A reminder: I wrote these columns 20 or more years ago.
Oh dear, it's finally catching up with me. Age, that is. Don't hand me any of that crap about life begins at 40, I believed it when I was 40. I just turned 46 and I'm straining to believe it now.
Unfortunately that's not the only thing I'm straining. The pendulum has swung again and I have gone from being able to dress for days at a time to no time at all. Our houseguest the baby, her mom and mom's boyfriend are almost always present in one combination or another so the lacies stay in the closet. By a whim of the Fashion Gods, I found myself alone in the house last Saturday and finally had the chance to let Ricky out of the closet. But those the Fashion Gods would honor they first make mad, and I was royally annoyed when the kitchen door opened and I had to sprint for the bathroom. I always keep my civvies in the bathroom, just in case.
In feverish haste I reached back to unclasp my bra and froze in place. Radiating from my shoulder was a sharp pain that held me transfixed in agony (don't you just love vivid descriptions like that?) before my groping fingers could get near the catch. Even the sweet caroling of "Anybody home?" was unable to free me from my inaction, I was just too involved with my body and its pain. Eventually I found myself able to function again and, feeling a bit foolish, pulled the bra down onto my paunch, rotated it 180 degrees and unhooked it. I quickly hid the evidence and greeted my tenant who had come to pay the rent.
Since we now have health insurance again I saw the doctor, who diagnosed a mild case of tendonitis. Mild, huh? Glad it's not severe, I guess. He prescribed exercise and every day I do 3 sets of 10 reps with a can of pineapple because I'm not going out to buy expensive weights. All I need is weight to lift. I thought of using one of my breast forms, it's just about the right weight, but it would be hard to explain and the grip I would need to hold onto the thing would cause lascivious talk.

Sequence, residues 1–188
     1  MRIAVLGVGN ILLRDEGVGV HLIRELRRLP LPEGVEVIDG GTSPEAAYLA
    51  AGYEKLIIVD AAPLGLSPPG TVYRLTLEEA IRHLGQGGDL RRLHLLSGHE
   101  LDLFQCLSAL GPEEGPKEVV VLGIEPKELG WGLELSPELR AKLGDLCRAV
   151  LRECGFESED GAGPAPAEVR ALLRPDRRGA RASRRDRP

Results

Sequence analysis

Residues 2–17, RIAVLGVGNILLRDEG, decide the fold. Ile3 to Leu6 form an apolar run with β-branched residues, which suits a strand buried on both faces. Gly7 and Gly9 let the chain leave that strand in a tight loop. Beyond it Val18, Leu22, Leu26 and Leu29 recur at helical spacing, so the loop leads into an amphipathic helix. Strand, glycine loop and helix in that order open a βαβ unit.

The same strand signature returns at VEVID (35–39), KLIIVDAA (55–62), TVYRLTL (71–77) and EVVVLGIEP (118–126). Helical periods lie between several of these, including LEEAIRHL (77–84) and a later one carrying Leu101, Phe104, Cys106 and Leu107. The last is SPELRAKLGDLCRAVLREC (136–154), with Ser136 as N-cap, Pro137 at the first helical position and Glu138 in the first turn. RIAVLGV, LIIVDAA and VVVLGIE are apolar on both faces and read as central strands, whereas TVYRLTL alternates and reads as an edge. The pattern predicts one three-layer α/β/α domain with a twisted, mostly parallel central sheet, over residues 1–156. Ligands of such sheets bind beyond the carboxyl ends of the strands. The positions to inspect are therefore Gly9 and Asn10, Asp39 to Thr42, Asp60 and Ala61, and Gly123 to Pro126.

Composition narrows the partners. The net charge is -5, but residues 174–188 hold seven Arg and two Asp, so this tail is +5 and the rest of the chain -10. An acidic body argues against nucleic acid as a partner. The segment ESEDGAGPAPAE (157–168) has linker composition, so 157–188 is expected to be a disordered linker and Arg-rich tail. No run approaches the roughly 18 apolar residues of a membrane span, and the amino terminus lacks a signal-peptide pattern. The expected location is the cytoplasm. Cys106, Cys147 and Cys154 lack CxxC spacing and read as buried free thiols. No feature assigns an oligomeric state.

Having lived with a handicapped wife for 24 years now, there is a truism known to those of us who hang out with disabled folks that "being able bodied is only a temporary condition". I've only paid lip service to the idea up to now, but is taking on a new reality, and it raises some interesting questions. If I intend to go to my grave in a skirt and a nice blouse, just who is going to put them on me? I know, the undertaker will the last time, but what about those years in between. Will Medicare or Medicaid pay a home health aid to assist crossdressing? Could we stand another tirade from a certain Southern senator when he finds out? Could you charge your breast forms off as health appliances on the medical insurance? Could you consider five inch heels to be orthopedic shoes and take them off your income tax?
My son keeps threatening to send me off to a sleazy nursing home every time I want him to do something that takes a bit of effort, just how in the devil will I convince the staff there to help me on with my slip. Anybody know just how far you can stretch patient's rights?
While this has it's amusing side when I only have a bit of pain to cope with, what would life be like for a disabled crossdresser? With a severe disability you must depend on someone else to dress you, feed you and help you do most of the things we take for granted. How do you find a caring and accepting someone else? I have many disabled friends, but this subject has never come up, no more so than with my non-disabled friends.
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